Lafayette Radio Electronics Corporation, Petitioner, v. the United States of America and the Federal Communications Commission, Respondents, 345 F.2d 278 (2d Cir. 1965)Annotate this Case
Decided April 26, 1965
Paul Dobin, Washington, D. C. (Borden & Ball, New York City, Leonard H. Marks, Washington, D. C., and Joel H. Levy, of counsel), for petitioner.
John H. Conlin, Washington, D. C. (William H. Orrick, Jr., Ass't. Atty. Gen., Robert Hummel, Atty., Dept. of Justice; Henry Geller, Gen. Counsel, Howard Jay Braun, Counsel, Federal Communications Commission), for respondents.
Before LUMBARD, Chief Judge, and FRIENDLY and HAYS, Circuit Judges.
FRIENDLY, Circuit Judge:
Our motion calendar of April 26, 1965, contained applications by Lafayette Radio Electronics Corporation, under 5 U.S.C. § 1039, for a temporary restraining order and an interlocutory injunction against a new regulation of the Federal Communications Commission (FCC), to become effective that day, which, by appropriate petition, 5 U.S.C. § 1034, Lafayette asked us to review. Since the petitioner's papers and the response of the United States and the FCC, which we had previously examined, fully covered the merits, we set the petition for argument later that day. At the close of the argument we announced our denial of the petition and the consequent mooting of the applications for relief pending decision.
The controversy concerns a new FCC regulation, initially released July 29, 1964 for effectiveness November 1, 1964, 29 F.R. 11099, and adhered to on reconsideration in an opinion and order released March 1, 1965, 30 F.R. 2706. The regulation complained of, § 95.83(a) (1), which was issued as the result of a rule-making proceeding announced in 1962, 27 F.R. 11500, provides:
§ 95.83 Prohibited uses.
(a) A Citizens radio station shall not be used:
(1) For engaging in radio communications as a hobby or diversion, i. e., operating the radio station as an activity in and of itself.
The 1965 opinion included a dozen "typical, but not all inclusive, examples of the types of communications evidencing" the kind of use prohibited under the rule. Read in the light of these examples, the rule proscribes transmission merely for the pleasure of using the equipment or discussing it. Lafayette, which holds a citizens radio station license and manufactures equipment used by licensees,1 challenges the rule as violating the First Amendment and § 326 of the Federal Communications Act, 47 U.S.C. § 326,2 and as unconstitutionally vague, particularly in the light of its effect on expression.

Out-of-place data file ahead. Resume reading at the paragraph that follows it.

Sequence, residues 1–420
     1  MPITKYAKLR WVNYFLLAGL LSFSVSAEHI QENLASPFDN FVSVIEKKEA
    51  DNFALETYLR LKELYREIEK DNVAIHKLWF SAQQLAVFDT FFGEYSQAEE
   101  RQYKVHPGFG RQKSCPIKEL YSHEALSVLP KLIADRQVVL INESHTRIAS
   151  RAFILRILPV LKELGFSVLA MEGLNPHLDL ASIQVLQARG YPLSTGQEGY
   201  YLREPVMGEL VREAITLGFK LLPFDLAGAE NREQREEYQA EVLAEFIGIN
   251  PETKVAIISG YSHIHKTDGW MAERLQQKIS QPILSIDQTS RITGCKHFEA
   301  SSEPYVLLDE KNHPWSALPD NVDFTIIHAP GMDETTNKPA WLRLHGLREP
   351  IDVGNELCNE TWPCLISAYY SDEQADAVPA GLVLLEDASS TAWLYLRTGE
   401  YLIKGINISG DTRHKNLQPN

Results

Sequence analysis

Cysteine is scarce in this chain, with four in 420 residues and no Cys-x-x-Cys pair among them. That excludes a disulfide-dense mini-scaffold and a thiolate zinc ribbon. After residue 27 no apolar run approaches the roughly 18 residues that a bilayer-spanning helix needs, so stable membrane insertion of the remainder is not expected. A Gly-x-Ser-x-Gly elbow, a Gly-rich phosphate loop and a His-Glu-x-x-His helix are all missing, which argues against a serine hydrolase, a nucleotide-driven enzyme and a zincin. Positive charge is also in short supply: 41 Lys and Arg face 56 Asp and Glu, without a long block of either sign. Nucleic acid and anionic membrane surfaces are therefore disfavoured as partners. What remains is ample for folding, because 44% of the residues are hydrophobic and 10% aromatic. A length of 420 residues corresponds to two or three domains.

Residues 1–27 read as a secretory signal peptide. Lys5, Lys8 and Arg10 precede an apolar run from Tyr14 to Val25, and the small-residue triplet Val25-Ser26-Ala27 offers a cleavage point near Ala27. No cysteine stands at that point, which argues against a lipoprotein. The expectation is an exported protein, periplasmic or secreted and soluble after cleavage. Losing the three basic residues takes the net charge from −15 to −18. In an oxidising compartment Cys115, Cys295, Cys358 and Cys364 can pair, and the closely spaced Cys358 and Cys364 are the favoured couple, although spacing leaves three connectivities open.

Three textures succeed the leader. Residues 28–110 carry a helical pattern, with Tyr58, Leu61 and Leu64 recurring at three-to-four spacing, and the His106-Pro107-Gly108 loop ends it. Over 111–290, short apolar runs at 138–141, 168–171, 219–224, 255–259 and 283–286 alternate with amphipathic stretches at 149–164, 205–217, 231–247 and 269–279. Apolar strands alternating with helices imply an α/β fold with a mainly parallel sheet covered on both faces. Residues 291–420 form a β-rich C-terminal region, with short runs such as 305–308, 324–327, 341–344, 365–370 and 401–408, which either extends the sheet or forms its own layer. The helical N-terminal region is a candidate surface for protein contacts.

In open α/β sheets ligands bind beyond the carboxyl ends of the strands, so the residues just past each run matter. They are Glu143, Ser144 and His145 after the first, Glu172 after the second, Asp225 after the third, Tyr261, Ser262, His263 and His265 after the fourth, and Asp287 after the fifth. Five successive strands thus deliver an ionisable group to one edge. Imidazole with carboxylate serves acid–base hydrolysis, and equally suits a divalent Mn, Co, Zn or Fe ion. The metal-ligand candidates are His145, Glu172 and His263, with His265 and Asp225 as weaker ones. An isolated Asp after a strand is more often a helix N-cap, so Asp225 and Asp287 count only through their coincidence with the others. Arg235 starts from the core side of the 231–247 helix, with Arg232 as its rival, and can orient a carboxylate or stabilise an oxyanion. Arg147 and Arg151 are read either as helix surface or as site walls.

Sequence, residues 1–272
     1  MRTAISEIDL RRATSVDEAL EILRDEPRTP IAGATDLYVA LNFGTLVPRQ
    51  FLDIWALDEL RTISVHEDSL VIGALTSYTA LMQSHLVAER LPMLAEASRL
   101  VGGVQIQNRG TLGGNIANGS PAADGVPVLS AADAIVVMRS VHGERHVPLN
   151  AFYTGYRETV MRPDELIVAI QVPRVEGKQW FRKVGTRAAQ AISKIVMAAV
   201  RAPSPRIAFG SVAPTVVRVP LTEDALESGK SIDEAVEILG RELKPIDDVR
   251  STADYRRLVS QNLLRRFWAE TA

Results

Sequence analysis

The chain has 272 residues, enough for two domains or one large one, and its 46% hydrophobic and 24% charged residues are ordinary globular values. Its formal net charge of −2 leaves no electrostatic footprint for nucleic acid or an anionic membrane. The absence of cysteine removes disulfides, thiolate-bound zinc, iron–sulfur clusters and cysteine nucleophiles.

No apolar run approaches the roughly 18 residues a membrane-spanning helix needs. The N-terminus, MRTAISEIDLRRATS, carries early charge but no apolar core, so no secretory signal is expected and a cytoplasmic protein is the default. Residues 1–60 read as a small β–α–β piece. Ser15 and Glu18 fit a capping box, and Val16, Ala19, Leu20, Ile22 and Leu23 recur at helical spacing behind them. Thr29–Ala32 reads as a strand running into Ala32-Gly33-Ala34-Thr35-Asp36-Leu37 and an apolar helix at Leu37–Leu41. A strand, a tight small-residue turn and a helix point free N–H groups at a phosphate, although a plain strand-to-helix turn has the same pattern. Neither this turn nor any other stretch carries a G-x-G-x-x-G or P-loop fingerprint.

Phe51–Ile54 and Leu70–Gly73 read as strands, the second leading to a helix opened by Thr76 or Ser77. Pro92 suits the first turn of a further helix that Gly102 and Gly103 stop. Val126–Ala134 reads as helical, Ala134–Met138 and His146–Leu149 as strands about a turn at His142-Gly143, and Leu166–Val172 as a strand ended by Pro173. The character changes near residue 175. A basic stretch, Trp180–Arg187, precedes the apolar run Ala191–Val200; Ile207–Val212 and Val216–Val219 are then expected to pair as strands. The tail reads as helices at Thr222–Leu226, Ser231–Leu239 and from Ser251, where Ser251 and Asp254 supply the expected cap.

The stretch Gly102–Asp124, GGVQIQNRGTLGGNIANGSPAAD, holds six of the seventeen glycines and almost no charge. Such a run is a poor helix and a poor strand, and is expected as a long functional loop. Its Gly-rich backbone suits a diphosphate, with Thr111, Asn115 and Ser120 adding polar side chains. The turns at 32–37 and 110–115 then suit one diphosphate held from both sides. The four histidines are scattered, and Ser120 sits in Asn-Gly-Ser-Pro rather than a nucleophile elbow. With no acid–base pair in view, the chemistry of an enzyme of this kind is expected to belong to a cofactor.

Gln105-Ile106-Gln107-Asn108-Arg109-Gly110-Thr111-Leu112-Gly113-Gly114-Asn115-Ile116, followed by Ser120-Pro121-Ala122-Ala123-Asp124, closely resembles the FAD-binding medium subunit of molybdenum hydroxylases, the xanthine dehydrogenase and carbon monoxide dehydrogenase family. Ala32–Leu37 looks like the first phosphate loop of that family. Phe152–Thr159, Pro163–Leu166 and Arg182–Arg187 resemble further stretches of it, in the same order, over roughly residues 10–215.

The Citizens Radio Service is one of some forty FCC regulated Safety and Special Radio Services, in which there are nearly 5,000,000 transmitters and over 1,400,000 licensees. These services differ from broadcast and common carrier services in that the number of users is so great that frequencies must be shared. The Citizens Radio Service was established in 1945, by the allocation of the 460-470 mc/s bands, to provide for personal and business uses of private citizens who did not come within any of the other defined services, 10 F.R. 901.3 Examples are communication between business establishments and delivery vehicles, use in vehicles in and around large plants, construction projects, farms and ranches, and use by sportsmen and explorers for messages to and from camps. From the outset the FCC has indicated that the service was to be used for serious communications and did not encompass operation of a station for the enjoyment of doing so, a function already provided for in the Amateur Radio Service, where, however, licensing requirements are more severe. Enforcement problems began to be important with the authorization of a new class of service, known as Class D, operating with radio-telephone emissions at low wattage on certain frequencies in the 27 mc band. In 1960, by which time some 50,000 Class D licenses had been granted, the FCC adopted amendments to its rules, spelling out the types of permitted operations and stating in comment that hobby type communications were not allowed, 25 F.R. 1408. Just prior to the now challenged amendment, the relevant rule read as follows:
§ 95.81 Permissible communications.
(a) The units of any Class A, Class B, or Class D station licensed in the Citizens Radio Service are authorized primarily to communicate with other units of the same station; secondarily, units of all Class A, Class B, and Class D stations are authorized to intercommunicate with units of other stations in the Citizens Radio Service only when necessary for the exchange of substantive messages related to the business or personal activities of the individuals concerned. Communications with stations licensed or operated under the provisions of other parts of this chapter, or with United States Government or foreign stations, is prohibited except for communications relating to civil defense activities in accordance with the provisions of § 95.121.